The Palace Bussaco Hotel
We had been holed up in our Costa da Caparica beach house in Portugal for two weeks when our chief tour director Tim declared it was time to see more of the gorgeous country. I had been working hard on Home Free, the book about our adventures on the road, so it was a treat to be whisked away to a Portuguese Palace in Coimbra. We drove over the fabulous 25 April Bridge and headed north in high spirits despite the stormy weather.
The rain abated and as we drove through the gates of the Palace Bussaco Hotel and started up the cobblestone parkway leading up through the forest, we followed a tumbling stream, the rocks and banks around it covered in moss and vines, and beside it exotic, tropical palms and fern trees that looked other-worldly in this setting. The 250 acres of the palace had been tended since the seventh century by Discalced monks, and the grounds are filled with plants collected from all over the world. The Palace Bussaco Hotel was built in 1888 in the romantic Neo-Manueline style we were seeing everywhere in Portugal. It’s the over-the-top, wedding-cake decor that is wildly romantic: curlicues and vines, chubby cherubs, plasterwork, huge tile romantic frescoes depicting love tales and battles, stained glass, tapestries, carved wood, stone, concrete, gargoyle rain spouts, a grand staircase carpeted in red, at least twelve feet wide, anything you could possibly dream up to decorate a building had been lavished on the Palace.
We were greeted by a chubby man wearing a uniform with epaulets (I’m a FOOL for a man with epaulets), and were taken in the caged elevator to our enormous corner suite on the second floor. It was MUCH bigger than the entire apartment that had been our base in Paso Robles. The ceilings were fifteen feet tall with French windows and a little balcony (its railing featuring carved ribbons and regal animals, of course) with a view of the gardens and the forest beyond. There was enough closet space to serve five people with built-in velvet-lined drawers and mahogany shoe racks.
The spotless bathroom was at least 200 square feet, with the tall ceilings and pale green fixtures, a tub long enough for Kobe Bryant to lie down, and of course, big fluffy towels and robes. This was my kind of getaway.
Tim had plopped himself in one of the super-comfy velvet chairs while I did my customary fluttery, excessive “oohing and aahing.” Even though he pretended to be blasé, I know that he was pleased with himself. The room could have used a little face-lift, but I have a fondness for slightly threadbare aristocratic lodgings, and the bed was good. It’s much more interesting than state-of-the-art number beds and too-hip decor!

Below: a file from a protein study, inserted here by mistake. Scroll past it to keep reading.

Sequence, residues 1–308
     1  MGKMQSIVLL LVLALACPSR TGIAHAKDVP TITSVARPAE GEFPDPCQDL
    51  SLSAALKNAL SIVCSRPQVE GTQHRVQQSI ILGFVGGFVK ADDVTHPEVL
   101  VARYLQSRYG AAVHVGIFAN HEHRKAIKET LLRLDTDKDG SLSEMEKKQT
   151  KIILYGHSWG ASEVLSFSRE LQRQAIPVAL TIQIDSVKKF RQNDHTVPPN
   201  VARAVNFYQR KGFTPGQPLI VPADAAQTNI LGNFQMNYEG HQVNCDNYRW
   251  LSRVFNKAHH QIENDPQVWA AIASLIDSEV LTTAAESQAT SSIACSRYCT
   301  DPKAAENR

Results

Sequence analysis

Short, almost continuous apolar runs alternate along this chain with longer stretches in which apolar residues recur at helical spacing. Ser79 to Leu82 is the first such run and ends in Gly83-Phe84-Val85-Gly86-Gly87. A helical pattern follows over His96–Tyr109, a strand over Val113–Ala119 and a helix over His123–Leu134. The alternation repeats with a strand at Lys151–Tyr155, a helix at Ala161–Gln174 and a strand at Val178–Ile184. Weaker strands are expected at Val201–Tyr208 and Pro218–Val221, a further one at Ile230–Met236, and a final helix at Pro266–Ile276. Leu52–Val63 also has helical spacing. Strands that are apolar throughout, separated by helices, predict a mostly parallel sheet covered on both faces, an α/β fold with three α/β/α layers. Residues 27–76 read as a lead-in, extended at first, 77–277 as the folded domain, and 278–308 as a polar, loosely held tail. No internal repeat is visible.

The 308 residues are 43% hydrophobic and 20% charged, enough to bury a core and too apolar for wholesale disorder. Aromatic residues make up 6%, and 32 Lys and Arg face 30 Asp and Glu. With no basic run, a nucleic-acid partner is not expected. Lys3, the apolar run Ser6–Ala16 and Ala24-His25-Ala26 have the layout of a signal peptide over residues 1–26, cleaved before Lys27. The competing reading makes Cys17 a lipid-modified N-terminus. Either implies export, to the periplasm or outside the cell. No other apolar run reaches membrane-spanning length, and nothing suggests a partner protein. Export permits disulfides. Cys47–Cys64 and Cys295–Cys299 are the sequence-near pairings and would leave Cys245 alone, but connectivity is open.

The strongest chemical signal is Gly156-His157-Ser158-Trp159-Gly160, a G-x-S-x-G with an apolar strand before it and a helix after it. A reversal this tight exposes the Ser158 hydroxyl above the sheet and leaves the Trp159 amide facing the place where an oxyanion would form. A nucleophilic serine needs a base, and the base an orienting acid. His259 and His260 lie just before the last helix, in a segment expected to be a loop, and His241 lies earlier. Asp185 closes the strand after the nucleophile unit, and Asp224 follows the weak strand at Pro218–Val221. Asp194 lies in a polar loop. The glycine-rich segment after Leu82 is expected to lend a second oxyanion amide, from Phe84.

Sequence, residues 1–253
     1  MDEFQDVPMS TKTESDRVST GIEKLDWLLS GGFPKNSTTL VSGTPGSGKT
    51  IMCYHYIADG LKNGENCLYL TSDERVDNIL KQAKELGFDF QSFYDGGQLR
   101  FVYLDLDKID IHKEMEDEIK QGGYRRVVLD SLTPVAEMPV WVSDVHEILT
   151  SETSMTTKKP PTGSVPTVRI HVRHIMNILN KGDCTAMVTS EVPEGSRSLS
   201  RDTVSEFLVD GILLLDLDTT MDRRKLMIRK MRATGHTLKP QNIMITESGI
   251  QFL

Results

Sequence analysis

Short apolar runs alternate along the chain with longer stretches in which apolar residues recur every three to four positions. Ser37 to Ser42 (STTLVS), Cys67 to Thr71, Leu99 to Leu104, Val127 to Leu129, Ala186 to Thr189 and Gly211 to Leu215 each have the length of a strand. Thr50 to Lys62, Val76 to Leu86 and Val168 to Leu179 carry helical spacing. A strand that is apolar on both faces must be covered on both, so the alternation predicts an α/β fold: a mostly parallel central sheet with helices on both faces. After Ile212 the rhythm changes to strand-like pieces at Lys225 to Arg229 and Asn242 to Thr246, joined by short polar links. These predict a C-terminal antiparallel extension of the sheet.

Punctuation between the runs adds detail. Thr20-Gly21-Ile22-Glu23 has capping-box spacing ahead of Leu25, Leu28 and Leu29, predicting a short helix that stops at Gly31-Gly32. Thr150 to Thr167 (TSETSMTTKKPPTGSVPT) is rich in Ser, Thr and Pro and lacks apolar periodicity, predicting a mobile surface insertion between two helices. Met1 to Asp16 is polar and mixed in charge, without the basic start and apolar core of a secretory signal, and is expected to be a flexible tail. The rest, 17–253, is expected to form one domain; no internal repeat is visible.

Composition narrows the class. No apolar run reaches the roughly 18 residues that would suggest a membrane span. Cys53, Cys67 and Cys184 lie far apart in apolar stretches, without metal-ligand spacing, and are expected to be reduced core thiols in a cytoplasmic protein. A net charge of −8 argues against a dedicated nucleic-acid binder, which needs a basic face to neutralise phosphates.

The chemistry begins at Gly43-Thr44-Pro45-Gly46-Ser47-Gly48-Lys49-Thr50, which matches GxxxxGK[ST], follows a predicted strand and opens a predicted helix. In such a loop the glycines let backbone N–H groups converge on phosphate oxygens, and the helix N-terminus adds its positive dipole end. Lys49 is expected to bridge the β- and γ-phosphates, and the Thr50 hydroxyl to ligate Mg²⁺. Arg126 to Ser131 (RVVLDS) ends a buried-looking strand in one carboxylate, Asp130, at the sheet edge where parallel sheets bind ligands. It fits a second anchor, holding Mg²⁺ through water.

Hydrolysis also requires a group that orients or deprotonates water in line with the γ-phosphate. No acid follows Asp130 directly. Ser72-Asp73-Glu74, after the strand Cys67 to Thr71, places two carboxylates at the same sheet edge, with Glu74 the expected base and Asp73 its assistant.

My spouse was smiling for another reason: the Palace Hotel Bussaco is a seriously great bargain, particularly in March!
Of course we were starving and when we entered the drop-dead baroque dining room, the center of the elegant room was dominated by a wine-tasting group. We were seated by another epaulet-encrusted fellow at a romantic bay window table where we could observe the swishing and spitting wine crowd and also view the vast gardens as we perused a menu that would make Julia and Paul Child come to attention. We were absorbed for quite a while because the choices were dazzling.
Everything was delicious, but the highlights were Tim’s wild boar ravioli appetizer and my duck breast with the best potatoes dauphinoise that have ever passed my lips. His steak over sautéed foie gras (if you recall, Tim discovered his duck fetish in France) was remarkable.
As we devoured our choices, we had time to observe the goings-on at the big table. These were not folks who had come off a tour bus expecting some crackers and free wine. These people were serious and we could tell there was business going on. At least three languages were being used and we even detected an occasional American twang. People were up and about, discussing, pouring, tasting and, from what we could tell, there was some large-scale dealing going on.